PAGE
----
When we attempted to serve God by obeying the law perfectly, we failed; but Paul tells us that now, in the new way of living in the Spirit, we can serve God. The freedom we obtained through Jesus was not so we could stop serving God, but so that we could serve him better.
Since We Can’t Obey the Law, Is the Law Flawed?
Verses 7-13, tells us that the Law itself is not the problem. God’s law is perfect and holy.
In verse 7, Paul asks the question, ‘is God’s law sinful?‘ He immediately answers with ‘Of course not!‘ The law does what it is meant to, and that is, to point out our sin.
Just like an X-ray or CT scan machine might reveal a problem in our bodies, you can’t blame the machine for what it exposes. We might never know that we are sinning in certain areas, such as Paul’s example of covetousness, if the law didn’t show us specifically.
Sin Corrupted the Law
But in verse 8, Paul tells us where the problem lies. Sin corrupts the law. Sin uses the law to arouse desires to break the law.
I think we are all familiar with being enticed by something that is forbidden. If you have children, you might have experienced telling your child not do to something, only to draw their attention to it, and making them want to do it more, even though they might have never considered doing it before telling them not to?
We all have this tendency. Once God draws a boundary for us, we are immediately enticed to cross that boundary, which is no fault of God or his boundary, but the fault of our sinful hearts. Paul also adds, that if there was no law, sin would not have the power to twist what is good to promote evil. For example, sin warps love into lust. And sin turns an honest desire to provide for one’s family into greed.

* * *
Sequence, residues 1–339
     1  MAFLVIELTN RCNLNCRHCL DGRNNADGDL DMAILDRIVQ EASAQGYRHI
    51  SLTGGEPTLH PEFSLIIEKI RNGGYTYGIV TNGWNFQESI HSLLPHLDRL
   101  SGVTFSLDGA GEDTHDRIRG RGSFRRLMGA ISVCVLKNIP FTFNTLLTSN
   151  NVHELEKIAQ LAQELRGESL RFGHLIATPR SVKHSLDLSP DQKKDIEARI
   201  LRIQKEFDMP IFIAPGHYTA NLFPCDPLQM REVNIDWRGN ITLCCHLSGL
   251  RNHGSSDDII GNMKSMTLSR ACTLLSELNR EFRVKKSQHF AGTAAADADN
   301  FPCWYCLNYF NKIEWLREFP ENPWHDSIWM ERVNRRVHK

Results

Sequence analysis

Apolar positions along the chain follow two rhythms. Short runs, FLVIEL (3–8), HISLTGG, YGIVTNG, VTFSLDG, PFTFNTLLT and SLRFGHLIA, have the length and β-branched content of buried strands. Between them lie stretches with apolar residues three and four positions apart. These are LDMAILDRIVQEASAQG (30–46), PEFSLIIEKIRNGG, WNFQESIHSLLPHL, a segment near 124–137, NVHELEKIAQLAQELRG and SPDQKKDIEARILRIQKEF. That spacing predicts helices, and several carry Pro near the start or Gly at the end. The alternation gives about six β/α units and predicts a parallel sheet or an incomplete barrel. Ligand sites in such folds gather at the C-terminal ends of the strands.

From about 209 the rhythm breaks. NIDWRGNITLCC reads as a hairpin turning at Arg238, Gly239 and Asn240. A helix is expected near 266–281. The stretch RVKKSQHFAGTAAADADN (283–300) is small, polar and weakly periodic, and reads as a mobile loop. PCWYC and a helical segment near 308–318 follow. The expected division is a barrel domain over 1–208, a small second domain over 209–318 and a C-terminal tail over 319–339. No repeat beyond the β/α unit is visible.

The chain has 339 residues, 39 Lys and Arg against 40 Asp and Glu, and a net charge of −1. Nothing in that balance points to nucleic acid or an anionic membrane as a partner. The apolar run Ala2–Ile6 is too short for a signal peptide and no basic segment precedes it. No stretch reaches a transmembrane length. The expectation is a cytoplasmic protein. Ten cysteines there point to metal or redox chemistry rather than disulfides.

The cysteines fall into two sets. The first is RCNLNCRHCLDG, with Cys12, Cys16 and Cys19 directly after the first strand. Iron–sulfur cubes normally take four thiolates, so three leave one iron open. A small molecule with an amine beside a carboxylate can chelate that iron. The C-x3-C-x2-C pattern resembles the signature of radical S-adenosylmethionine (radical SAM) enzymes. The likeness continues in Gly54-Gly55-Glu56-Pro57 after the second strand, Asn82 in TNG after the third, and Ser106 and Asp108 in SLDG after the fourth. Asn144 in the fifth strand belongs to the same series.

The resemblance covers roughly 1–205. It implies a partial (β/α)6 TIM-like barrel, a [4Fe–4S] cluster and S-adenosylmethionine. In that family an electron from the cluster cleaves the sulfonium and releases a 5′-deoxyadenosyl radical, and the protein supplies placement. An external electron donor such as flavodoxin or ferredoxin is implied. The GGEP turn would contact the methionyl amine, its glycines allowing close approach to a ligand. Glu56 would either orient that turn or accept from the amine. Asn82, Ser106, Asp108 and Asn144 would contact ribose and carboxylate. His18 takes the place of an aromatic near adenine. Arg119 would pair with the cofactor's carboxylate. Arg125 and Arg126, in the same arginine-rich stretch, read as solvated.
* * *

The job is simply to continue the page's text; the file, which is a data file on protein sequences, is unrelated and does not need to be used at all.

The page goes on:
The Law Shows Us Our Sin
In verses 9-10 Paul is telling us that like children, before knowing what the law required, we were innocent or naïve. When he uses the phrase ‘I lived‘ without understanding the law, he does not mean he was alive with the life that only God gives. He had a false sense of security despite his sinfulness, and he wasn’t aware of his spiritual deadness. But when he did come to know the law, it showed him his sinfulness which brought death: an awareness of separation from God and condemnation.
Is Sin Real? Or Is God Depriving Us of Something Good?
Verses 11-13 talk about how sin corrupts the law and defeats its life-giving purpose. And once the law became corrupt, it only brought death. It says that sin used God’s law to deceive us. How does sin deceive us? It falsely promises satisfaction, it tells us that our excuses are adequate, it gives us permission to sin, and it falsely provides us with a sense of escape from punishment.
It’s not God’s law that deceives us, but rather sin uses the law to tempt us into rebellion. God’s law is holy, right, and good. Sin is all about deception. One of Satan’s greatest deceptions is to get us to think of sin as something good God wants to deprive us of. God warns us away from sin, because he is warning us away from something that will kill us, as Paul says in verse 11.